I'll cut this off here to 1) not bore you to death and 2) get myself on into bed, because waking up at 4:30 a.m. Central Time translates to half past the edge of doom in the Night Owl Time Zone.  I've literally been a zombie, who's been staring straight ahead all day. 

For the next week, I'll be making a lot of milkshakes and iced coffees and smoothies for the patient......and watching a nauseating number of those Hallmark Christmas movies that she loves.......and dispensing drugs and kisses and..........spending time with my girl.   

Thankful for good results today.

Happy Tuesday!!   

                            

Wednesday, November 19, 2014

The Family Picture

I got to look at our Christmas card proofs yesterday. 

We had our family Christmas picture made last Sunday after church.  We have an awesome photographer, who is also a kind, kind friend, and he does a great job of making some of us look way better than we actually do in real life.  We usually just have the kids on our cards, so that our out of town friends can see how they've grown and changed.  Davis and I have grown and changed over the years, too, but in ways that aren't quite as picturesque and shouldn't be held onto anyone's refrigerator with a magnet.  Every ten years or so, we do break down and throw ourselves in the card to assure everyone that we're not dead.  This was that year.   

Oh, the family picture.  What a wonderful experience they always are.  For the mother, this can be a stressful event.  It's her responsibility to see to it that the picture is a success.  This clearly falls in the mother's column in that big lopsided chart of family responsibilities.  Haircuts, dry cleaning pickup, secure appointment time.  She must oversee and verify that everyone is groomed,wrinkle free, on time, and somewhat coordinated. 

Let me stop here and discuss the aforementioned lopsided family responsibilities list.  I'd like to talk to whoever decided.....Ok, here's how we're going to divide things up.....the mothers will bear the children, potty train them, document their lives with pictures, take them to the doctor, attend school meetings, wash the clothes, wipe the behinds, iron, remember birthdays, grocery shop, pack lunches, schedule appointments, clean up the vomit, buy the gifts, clean out the closets, fill out the baby books, cook, clean the toilets, run the carpool, maintain the master family calendar, plan the parties, decorate for holidays, address the Christmas cards, take the cupcakes to school, vacuum, organize the family gatherings, and oversee the Christmas picture.....if the fathers will just plunge the toilets, operate the jumper cables, bury the pets, shoot the intruders, and get the Christmas decorations down from the attic?  But I digress.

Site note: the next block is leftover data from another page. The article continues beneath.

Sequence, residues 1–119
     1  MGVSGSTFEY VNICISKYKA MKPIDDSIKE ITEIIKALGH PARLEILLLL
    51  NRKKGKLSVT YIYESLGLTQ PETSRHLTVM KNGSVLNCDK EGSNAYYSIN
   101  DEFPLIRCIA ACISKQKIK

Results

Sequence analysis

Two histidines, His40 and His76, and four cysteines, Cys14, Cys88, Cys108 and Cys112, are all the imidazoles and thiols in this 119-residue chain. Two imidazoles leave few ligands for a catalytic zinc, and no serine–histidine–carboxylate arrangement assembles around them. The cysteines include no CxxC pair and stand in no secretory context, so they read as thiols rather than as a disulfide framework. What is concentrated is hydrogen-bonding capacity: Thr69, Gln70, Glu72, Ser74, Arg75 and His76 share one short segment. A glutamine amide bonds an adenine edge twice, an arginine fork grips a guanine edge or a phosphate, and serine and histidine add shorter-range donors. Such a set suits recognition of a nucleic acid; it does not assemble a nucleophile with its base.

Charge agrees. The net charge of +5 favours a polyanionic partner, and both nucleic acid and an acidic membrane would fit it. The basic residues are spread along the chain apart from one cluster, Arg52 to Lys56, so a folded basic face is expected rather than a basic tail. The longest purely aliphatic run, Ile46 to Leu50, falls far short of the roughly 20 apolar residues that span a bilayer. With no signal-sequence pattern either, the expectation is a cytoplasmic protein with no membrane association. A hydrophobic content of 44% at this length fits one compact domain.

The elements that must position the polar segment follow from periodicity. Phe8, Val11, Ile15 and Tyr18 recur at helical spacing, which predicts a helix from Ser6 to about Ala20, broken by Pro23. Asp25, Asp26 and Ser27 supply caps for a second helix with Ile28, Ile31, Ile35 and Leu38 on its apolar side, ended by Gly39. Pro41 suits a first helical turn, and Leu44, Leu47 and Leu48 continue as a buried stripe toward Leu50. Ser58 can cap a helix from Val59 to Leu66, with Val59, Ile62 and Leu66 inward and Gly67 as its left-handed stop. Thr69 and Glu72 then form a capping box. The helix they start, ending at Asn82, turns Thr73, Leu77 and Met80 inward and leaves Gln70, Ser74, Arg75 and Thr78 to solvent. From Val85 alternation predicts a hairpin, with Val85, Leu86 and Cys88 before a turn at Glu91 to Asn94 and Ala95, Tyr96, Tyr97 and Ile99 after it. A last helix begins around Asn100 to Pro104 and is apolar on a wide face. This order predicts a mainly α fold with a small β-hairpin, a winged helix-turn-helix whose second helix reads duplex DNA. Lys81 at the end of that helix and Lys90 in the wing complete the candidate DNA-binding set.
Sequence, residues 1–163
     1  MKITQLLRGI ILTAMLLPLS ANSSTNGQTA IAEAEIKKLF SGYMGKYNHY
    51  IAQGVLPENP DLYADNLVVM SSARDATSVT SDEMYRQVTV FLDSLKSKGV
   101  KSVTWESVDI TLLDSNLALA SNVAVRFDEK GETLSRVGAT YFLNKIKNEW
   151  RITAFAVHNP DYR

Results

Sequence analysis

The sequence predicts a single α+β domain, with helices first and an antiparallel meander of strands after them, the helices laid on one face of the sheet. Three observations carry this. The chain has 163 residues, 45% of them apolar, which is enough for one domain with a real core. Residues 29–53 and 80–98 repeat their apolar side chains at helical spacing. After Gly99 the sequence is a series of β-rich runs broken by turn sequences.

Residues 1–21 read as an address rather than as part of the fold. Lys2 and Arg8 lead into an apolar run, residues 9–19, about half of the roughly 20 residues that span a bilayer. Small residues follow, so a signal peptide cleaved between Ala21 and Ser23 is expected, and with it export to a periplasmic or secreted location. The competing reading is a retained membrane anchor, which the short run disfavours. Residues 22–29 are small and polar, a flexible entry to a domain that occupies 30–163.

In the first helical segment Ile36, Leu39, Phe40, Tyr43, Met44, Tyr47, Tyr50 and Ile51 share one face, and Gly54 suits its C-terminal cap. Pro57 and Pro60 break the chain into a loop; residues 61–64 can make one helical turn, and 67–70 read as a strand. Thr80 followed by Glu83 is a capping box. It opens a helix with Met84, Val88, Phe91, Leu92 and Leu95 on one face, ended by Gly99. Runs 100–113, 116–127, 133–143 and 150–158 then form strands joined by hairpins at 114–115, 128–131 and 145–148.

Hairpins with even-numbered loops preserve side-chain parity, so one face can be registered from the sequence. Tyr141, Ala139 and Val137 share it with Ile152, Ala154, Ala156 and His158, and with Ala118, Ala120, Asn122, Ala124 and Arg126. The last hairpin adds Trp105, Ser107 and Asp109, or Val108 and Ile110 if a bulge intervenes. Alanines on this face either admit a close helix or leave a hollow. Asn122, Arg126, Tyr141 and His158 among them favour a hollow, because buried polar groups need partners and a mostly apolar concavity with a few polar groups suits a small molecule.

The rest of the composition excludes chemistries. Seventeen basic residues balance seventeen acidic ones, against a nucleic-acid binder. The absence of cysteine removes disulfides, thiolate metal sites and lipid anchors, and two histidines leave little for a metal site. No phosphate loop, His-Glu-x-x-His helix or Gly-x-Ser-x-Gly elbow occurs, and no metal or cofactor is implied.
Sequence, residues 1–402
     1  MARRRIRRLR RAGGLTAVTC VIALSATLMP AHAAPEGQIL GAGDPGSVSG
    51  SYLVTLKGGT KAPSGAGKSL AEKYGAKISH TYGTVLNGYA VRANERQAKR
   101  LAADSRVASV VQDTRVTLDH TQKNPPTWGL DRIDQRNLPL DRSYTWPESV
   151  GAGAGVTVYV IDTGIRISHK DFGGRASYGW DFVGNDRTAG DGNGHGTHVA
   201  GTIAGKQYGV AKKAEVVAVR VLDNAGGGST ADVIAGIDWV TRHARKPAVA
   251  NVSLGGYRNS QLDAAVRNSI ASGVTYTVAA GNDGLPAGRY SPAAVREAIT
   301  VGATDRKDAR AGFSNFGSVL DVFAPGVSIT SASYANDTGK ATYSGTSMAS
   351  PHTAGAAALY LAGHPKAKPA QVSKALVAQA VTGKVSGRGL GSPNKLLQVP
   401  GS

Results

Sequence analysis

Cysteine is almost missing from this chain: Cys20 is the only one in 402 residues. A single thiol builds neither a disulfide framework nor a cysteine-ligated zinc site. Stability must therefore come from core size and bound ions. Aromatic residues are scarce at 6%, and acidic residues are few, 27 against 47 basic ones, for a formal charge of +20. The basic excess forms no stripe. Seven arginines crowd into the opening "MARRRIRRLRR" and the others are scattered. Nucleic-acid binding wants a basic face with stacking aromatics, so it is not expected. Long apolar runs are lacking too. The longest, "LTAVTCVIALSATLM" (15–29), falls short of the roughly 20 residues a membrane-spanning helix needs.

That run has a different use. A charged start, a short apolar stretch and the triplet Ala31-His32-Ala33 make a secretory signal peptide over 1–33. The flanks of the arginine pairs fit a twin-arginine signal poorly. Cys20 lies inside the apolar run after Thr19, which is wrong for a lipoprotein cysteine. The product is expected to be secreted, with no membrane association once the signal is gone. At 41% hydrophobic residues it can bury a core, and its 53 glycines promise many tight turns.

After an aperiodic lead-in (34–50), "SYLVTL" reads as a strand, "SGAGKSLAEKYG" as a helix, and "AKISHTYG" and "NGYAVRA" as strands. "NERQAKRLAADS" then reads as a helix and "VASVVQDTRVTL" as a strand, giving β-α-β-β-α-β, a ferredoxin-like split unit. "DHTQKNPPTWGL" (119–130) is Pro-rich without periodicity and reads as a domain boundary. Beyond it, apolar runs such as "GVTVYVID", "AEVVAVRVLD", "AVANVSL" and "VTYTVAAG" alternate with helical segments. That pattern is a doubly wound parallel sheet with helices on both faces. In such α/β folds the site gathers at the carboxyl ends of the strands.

Anyway, sons and daughters.....well, they're on both ends of the spectrum when it comes to pictures.  Girls usually love the idea of having their picture made and are meticulous about every preparatory detail.....especially the hair and makeup.  Just before our appointment time, it started raining.  Not just rain, but rain of Biblical proportions......like the kind that causes animals to start pairing off and looking for a man with a long, white beard and a staff.  Anyway, sure enough, the humidity was being accused for Blair's hair "not doing right" as she grunted from in front of the bathroom mirror and, if you have girls, you know that nothing will cause a family to run late like a daughter's hair that isn't doing right.   

Meanwhile, sons aren't nearly as excited about picture day and have to be reminded to do the most basic hygienic tasks like bathing, tucking in their shirt, and wet combing that hair that's sticking up in the back.  As I recall, Carson let out a big, "Uuuuuuuuuugghh", while slowly walking to the car as if he'd prefer to go have several molars pulled if given the choice.  I mean, after all, he didn't want to hear about Blair's hair problems.....he had to brush his teeth.